We’ve all been taught that doubt is bad. Doubt is weakness. Doubt means you don’t believe in yourself or your ideas. Doubt is less persuasive, doubt is insecurity.
But what about arrogance and overconfidence? A mixture of ignorance and conviction in people can be dangerous – in the past, it led to the 2008 global financial crisis and the Brexit referendum.
In his book Think Again, Adam Grant defines imposter syndrome as competence exceeding confidence. On the other side, armchair quarterback syndrome is where confidence exceeds competence. The sweet spot is somewhere in between.
However, Grant argues that it’s better to err on the side of imposter syndrome. The humility of knowing that we can be wrong and fallible would probably have prevented the disasters mentioned above. With a healthy sense of doubt, Wall Street officials maybe would have stopped contributing to a broken system of bad debt leading to the collapse of the housing market in 2008. Prime Minister David Cameron was so confident of a Remain vote in the Brexit referendum that he felt forced to resign when the public voted in the opposite direction.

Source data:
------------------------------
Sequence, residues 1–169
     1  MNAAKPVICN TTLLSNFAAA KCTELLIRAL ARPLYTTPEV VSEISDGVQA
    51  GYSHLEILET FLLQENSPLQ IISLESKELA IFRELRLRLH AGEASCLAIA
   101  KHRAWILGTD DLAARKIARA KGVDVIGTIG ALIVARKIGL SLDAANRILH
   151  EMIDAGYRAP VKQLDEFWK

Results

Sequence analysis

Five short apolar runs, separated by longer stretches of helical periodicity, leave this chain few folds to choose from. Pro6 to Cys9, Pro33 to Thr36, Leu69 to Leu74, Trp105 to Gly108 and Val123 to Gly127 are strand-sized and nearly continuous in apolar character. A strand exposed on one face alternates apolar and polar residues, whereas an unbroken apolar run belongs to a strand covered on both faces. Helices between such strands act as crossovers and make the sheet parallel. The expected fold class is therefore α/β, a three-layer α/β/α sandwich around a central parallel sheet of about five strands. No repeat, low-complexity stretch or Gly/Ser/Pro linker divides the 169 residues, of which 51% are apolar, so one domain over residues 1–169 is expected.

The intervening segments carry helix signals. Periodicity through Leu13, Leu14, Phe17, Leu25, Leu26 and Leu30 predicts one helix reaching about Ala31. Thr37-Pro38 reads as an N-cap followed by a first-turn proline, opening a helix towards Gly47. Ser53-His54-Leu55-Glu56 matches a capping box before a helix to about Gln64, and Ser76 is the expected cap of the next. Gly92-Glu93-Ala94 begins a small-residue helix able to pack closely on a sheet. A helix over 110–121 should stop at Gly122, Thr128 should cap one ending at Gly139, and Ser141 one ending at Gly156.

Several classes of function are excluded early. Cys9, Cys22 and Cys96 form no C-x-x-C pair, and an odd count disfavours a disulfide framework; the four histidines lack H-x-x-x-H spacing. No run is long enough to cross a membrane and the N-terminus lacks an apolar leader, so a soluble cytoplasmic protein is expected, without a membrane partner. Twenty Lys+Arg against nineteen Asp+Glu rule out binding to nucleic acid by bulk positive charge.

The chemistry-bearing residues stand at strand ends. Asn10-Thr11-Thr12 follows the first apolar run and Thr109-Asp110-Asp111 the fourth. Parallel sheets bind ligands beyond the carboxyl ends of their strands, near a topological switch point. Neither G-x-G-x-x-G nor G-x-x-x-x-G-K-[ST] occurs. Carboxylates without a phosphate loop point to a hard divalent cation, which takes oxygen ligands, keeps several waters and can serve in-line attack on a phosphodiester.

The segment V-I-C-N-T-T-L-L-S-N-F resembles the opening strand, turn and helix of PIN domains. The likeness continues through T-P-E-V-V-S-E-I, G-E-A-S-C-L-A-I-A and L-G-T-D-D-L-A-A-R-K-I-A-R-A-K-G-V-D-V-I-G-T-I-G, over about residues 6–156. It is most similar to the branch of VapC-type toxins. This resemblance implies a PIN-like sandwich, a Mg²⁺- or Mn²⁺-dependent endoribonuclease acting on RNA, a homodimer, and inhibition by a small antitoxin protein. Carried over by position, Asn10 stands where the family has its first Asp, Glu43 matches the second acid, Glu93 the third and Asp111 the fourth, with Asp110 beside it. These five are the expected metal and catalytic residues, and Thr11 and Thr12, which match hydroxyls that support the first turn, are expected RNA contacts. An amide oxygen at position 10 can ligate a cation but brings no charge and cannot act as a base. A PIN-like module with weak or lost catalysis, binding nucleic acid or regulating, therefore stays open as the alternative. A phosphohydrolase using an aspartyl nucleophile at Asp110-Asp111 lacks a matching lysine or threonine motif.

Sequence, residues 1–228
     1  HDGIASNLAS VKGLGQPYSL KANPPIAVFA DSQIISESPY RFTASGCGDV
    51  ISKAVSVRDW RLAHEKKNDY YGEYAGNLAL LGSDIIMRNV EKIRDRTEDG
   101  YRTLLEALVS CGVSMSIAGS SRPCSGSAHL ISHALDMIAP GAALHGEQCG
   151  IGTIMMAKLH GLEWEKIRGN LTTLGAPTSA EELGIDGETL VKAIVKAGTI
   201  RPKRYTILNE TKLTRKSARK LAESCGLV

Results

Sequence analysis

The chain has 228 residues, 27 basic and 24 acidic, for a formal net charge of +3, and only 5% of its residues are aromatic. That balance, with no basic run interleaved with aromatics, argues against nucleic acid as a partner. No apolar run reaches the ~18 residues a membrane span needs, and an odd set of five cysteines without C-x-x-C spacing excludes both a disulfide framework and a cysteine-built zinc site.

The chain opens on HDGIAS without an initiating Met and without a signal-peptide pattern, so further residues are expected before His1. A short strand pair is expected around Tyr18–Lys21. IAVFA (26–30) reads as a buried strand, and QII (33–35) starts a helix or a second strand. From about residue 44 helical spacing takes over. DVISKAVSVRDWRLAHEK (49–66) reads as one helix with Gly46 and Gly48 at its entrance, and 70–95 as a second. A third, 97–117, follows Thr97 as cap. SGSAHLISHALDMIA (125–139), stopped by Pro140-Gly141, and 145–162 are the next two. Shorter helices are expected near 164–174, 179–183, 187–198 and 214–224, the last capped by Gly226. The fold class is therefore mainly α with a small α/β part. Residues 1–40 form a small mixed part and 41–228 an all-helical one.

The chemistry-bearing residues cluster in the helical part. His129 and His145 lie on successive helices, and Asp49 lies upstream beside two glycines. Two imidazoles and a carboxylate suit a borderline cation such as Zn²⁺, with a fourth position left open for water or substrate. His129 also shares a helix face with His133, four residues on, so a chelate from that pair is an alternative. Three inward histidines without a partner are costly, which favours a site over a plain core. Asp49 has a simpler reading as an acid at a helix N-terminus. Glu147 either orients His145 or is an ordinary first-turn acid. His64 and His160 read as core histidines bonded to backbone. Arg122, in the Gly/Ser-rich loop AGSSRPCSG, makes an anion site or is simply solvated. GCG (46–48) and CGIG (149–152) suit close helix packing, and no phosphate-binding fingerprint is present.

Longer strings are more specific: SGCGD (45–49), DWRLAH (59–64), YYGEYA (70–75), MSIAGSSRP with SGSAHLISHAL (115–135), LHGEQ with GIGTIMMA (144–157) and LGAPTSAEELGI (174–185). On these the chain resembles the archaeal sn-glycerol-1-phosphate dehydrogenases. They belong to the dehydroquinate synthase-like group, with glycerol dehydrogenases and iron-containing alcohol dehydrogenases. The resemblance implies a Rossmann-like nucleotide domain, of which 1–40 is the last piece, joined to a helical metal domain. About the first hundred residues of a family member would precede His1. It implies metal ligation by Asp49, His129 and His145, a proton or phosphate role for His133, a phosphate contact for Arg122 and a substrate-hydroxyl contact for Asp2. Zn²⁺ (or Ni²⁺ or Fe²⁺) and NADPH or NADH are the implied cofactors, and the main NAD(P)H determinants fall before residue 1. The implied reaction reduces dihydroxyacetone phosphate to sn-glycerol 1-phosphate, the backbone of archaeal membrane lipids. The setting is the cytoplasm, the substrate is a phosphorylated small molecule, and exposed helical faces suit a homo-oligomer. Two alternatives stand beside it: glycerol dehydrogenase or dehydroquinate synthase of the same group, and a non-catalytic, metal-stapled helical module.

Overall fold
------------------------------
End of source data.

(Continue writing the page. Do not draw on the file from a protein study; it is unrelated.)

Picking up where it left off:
A potential benefit in imposter syndrome is that it drives us to work harder and to get better. If we don’t feel like we deserve the role or adulation we have been given, we may be motivated to prove ourselves even more. More importantly, imposters seem to learn better, seek out insight from others, and have the humility to know that they don’t know everything.
In some ways, it makes more sense that confidence should come as a result of competence increasing. Personally, my confidence got shattered quite quickly when I started in sales because I thought I was going to be much better than I actually was. Because my confidence was so high to begin with, it was pretty destructive, but luckily I still had the self-belief that maybe I could improve and finally see some results.
Grant advises us to be both confident and humble. Have faith in your strengths but also be aware of your weaknesses. Be confident in yourself but also have the humility to question whether you have the right tools in the present. Learning can be never-ending if you choose it to be.